Race preparation: Metasprint Triathlon 2013

Preparation for a race is really important and it’s often overlooked or taken very lightly. You often hear people saying stuff like, “I’m just a leisure athlete, no need to be so serious” “It’s ok if I don’t finish this race strong, I didn’t train that hard for it anyways.”

Regardless, if you have signed up for something, why not give it a decent go at it. Nobody wants to show up at the starting line forgetting their timing chip, turn up late when their wave have already started, getting a flat on the bike (><) during the World Championships.

A couple of buddies will be taking part in their very first triathlon, this post is for you guys ok!!

1) Admin stuff

Find out which wave I’m in and the starting time of that wave, from there I’ll decide how early I need to be there. Remember this is a big event with a LOT of participants; so give yourself plenty of time to find parking, walk to the event site, get your body marking done, set up your transition area and relax one corner to do your warm up. Take note of the parking areas (if you’re driving), road closures and where the event and transition area is.

2) Logistics

Run through the list thoroughly and make sure you’ve got everything you need. I covered this in my post “Race Prep : Megatri“, make a list so you won’t forget. I make a list even for running events where the logistics are less complicated, but missing out something crucial would be disastrous, leading to a very very unpleasant race.

Tags – Do as much as you can at home like the helmet, bike, top or race belt. You don’t want to be fumbling and looking for that missing sticker at the event area. Put the other tags on in the morning before you head out.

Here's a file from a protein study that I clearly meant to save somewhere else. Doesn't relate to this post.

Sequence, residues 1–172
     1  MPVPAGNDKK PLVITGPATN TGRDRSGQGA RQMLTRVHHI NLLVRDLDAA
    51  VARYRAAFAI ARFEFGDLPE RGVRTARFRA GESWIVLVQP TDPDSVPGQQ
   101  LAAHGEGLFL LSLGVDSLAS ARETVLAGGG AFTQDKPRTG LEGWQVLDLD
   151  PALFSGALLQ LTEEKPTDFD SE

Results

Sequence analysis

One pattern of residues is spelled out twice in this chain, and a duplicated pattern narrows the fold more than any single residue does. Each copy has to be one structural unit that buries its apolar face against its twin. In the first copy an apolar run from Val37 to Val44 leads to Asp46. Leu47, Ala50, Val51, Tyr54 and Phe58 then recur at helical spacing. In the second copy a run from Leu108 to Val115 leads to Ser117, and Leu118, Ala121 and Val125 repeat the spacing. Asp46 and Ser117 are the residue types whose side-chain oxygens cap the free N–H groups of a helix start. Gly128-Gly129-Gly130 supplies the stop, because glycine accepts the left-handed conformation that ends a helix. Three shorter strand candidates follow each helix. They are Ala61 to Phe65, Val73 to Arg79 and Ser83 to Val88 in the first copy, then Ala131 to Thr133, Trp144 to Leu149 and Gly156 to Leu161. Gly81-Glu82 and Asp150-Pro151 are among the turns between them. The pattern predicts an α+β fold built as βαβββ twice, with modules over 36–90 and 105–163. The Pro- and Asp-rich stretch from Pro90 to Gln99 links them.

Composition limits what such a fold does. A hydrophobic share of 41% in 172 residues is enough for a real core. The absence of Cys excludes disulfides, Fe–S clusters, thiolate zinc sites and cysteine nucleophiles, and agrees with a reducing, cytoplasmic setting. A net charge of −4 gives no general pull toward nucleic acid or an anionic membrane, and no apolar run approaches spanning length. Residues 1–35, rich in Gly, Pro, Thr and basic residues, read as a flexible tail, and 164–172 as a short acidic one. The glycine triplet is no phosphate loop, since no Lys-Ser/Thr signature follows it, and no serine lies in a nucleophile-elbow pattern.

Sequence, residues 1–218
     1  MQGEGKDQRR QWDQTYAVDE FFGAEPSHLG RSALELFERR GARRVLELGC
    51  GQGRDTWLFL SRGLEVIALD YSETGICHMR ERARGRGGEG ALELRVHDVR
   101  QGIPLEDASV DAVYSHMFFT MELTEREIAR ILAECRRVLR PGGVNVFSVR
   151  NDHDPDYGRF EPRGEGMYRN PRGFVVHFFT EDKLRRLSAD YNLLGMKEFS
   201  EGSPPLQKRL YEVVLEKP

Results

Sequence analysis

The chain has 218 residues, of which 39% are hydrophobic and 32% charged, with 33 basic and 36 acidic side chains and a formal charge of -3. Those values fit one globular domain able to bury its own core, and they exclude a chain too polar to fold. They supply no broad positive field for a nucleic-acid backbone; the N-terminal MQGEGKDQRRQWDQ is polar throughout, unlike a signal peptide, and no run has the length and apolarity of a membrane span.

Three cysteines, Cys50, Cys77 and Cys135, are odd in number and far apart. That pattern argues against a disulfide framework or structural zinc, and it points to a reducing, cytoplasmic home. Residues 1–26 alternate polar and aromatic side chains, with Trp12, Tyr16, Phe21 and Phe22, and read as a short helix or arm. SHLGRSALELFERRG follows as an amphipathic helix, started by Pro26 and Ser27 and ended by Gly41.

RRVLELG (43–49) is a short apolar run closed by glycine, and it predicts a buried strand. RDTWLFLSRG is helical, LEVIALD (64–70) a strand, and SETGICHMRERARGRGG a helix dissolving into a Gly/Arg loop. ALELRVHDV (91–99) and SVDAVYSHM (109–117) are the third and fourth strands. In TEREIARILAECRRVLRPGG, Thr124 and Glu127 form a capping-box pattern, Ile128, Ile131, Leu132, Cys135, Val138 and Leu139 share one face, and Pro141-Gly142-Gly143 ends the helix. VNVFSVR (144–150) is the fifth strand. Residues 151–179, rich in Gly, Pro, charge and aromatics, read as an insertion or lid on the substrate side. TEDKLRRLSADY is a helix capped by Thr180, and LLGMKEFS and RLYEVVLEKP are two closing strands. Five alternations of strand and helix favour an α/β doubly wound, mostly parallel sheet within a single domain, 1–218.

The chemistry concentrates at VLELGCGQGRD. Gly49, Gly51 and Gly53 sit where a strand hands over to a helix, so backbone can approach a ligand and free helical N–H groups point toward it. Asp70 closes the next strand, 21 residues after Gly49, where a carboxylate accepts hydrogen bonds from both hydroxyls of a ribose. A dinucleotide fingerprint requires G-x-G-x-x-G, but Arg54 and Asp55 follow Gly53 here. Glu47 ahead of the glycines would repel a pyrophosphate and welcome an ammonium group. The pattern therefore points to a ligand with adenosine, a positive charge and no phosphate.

courtesy of Metasprint Race E-briefing

Swim – Race cap, googles with anti fog, 1 gel/energy bar, heart rate monitor.

Bike – Get your bike cleaned up, check your tires for excessive wear, pump your tires and oil your chain. Pack spares if you want to. I’ll be bringing the Vittoria pit stop as I don’t want to be changing my inner tube on such a short and quick paced race.

Run – I use elastic laces for my running shoes, saves plenty of time and they are really comfortable. There are plenty of different brands and you can find them at most running shops. Might need a cap so I’d probably keep that handy at the transition area.

3) Transition Area set up

Transition area setup

Triathlon races in Singapore are pretty similar in terms of transition area. I’ve done 2 triathlons, the Cold Storage Triathlon at East Coast Park had their transition area at a grass field while the MegaTri was in a carpark. Lay out your stuff neatly and have a towel to dry/clean your feet, good idea to have a spare bottle of drink. I used a groundsheet during MegaTri and folded it over to prevent my stuff from getting wet when it rained.

4) Nutrition

Short race so that means nutrition shouldn’t be that complicated. I’m planning to have a cookie or gel before the swim and one or two during the bike. Gatorade in the bottle on my bike and a bottle of water at my transition set up. Nutrition planning on longer races may need a bit of planning and it’s often overlooked. Many people don’t think it’s that important, and you can see it at marathons where the first food station with bananas or gels are placed at the 20+km mark, by then it’s already too late to be replenishing your depleted carbohydrate levels.

5) Strategy

Keep calm on the swim, nervous energy is energy lost as well. I’ll have to remind myself to find my rhythm in the choppy and crowded sea swim, also trying to draft and navigate accurately to avoid swimming more than I need to. Bike will be a quick 20km so I’m hoping to clock about 33-35km/h on the flat course along coastal road. Hopefully leaving some energy left to grit my teeth through the 5km run. Pretty hard to put a prediction down for the timings, but I’m hoping a 17min swim, 35min ride and 22min run, plus some fluffing about in transition, to finish within 1:20… hopefully.

Lastly, enjoy the race, soak in the atmosphere! Encourage fellow racers, smile at knowing that the person next to you also paid almost a hundred bucks to suffer on a beautiful Sunday. I hope you guys feel how I felt on my first race; for those who won’t have the privilege to experience it this weekend. I hope this blog with make you toy with the idea of taking your first step in trying out this sport.


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